“Clauses permitting central government to exempt certain data fiduciaries from obligations under the Act ---be it for data of users or even children --- ought not to be permitted to form part of the enactment. At best, such provisions ought to be struck down and at the very least the law itself should provide the grounds and limits of such exemptions. These [exemptions] cannot include that which are fundamental to our right of privacy,” said Nappinai.

Similarly, Nappinai added, there were provisions that could let private companies off the hook.

“For a stronger personal data protection law, rights of users to ‘opt out’ of collection of their personal data beyond essential data, without losing their right to use services, is critical and in line with GDPR (Europe’s General Data Protection Regulation. Parliament ought to ensure such inclusion,” said Nappinai.

The new draft too is believed to be silent on opt-out obligations.

Another concern relates to the lack of compensation for people whose personal data has been jeopardised. “Section 43A Information Technology Act will necessarily be deleted upon the DPDP coming into force. The forum and process to ensure compensation to data principals for violation of their rights is critical. Else they will be left adrift and to the long-drawn process of civil proceedings,” Nappinai pointing to a clause in the previous draft – which HT understands has been retained --- that said that all fines will be deposited to the government exchequer.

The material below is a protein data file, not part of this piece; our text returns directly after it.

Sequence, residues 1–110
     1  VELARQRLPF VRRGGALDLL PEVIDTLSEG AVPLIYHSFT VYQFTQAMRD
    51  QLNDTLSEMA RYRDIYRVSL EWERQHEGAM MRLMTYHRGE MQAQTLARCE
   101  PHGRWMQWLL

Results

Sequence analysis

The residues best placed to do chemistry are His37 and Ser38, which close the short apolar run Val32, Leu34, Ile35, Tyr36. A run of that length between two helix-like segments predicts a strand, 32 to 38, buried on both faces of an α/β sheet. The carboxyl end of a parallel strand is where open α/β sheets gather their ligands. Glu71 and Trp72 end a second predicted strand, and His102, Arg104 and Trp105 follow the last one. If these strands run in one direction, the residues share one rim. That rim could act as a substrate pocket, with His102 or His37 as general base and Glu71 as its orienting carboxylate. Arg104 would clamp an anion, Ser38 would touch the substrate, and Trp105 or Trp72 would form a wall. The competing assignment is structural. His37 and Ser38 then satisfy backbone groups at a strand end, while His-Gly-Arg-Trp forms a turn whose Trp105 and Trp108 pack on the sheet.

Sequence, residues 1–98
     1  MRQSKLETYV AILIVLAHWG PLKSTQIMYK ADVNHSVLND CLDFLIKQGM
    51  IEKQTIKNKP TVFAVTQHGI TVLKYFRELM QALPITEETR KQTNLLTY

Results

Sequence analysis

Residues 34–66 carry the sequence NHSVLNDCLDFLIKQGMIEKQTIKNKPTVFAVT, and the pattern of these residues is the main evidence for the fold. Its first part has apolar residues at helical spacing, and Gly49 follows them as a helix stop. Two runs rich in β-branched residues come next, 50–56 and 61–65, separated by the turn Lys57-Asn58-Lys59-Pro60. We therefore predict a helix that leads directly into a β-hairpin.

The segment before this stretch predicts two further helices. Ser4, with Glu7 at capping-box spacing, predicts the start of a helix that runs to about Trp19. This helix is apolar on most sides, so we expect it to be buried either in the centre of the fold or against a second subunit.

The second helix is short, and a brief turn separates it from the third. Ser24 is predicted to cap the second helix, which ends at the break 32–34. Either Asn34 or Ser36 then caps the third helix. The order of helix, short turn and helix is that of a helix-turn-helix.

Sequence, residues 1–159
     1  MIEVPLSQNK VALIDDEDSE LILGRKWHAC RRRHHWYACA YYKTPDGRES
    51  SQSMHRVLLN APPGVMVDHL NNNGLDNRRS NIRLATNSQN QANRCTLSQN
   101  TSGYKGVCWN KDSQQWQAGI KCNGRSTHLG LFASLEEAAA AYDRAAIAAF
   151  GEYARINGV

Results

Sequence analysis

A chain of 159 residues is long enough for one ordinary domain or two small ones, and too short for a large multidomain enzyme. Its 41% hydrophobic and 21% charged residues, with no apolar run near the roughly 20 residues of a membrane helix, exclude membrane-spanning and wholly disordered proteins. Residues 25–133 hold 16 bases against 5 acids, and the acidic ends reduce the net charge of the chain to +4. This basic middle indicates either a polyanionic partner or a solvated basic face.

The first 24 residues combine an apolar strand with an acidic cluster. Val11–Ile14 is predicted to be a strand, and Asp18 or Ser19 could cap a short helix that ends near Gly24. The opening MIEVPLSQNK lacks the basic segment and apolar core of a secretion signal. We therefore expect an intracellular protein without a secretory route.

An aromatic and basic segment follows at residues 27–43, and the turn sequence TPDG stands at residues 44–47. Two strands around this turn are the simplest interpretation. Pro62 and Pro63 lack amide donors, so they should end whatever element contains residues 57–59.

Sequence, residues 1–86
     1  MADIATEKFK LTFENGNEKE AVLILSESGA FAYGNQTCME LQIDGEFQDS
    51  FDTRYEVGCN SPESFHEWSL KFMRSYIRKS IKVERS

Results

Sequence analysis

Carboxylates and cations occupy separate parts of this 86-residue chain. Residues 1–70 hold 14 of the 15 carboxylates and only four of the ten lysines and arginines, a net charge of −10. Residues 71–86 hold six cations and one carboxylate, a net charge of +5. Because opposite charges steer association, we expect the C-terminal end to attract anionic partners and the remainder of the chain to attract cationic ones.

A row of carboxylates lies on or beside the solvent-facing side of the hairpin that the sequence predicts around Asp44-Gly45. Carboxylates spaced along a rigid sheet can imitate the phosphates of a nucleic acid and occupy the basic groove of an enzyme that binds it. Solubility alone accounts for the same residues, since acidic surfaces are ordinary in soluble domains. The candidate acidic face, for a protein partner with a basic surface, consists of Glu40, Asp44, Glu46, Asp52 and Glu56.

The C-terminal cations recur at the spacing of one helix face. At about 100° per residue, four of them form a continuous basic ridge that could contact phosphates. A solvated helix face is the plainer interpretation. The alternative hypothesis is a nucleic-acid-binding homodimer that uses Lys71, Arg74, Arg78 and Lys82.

A fourth concern was over changes to India’s RTI Act. “The blanket exemption of personal data from RTI which was proposed should not be made part of the final law,” she said. The data protection law, in its latest version, the people cited above said, proposed to amend in RTI Act that at present says that any personal data can be disclosed if it serves a larger public interest --- a provision that allows access to information about those in public office.

“These are not exhaustive but critical issues that must be raised with caution on speed and expediency in enacting the law,” Nappinai added.

The government, when it released the draft in November, said the legislation strives to strike a balance between cumbersome compliances for companies and privacy protections, and added that the nature of the clauses is such that future harms can be accounted for. Earlier this week, a government official refused to comment on the matter, saying “it is now parliament’s property”.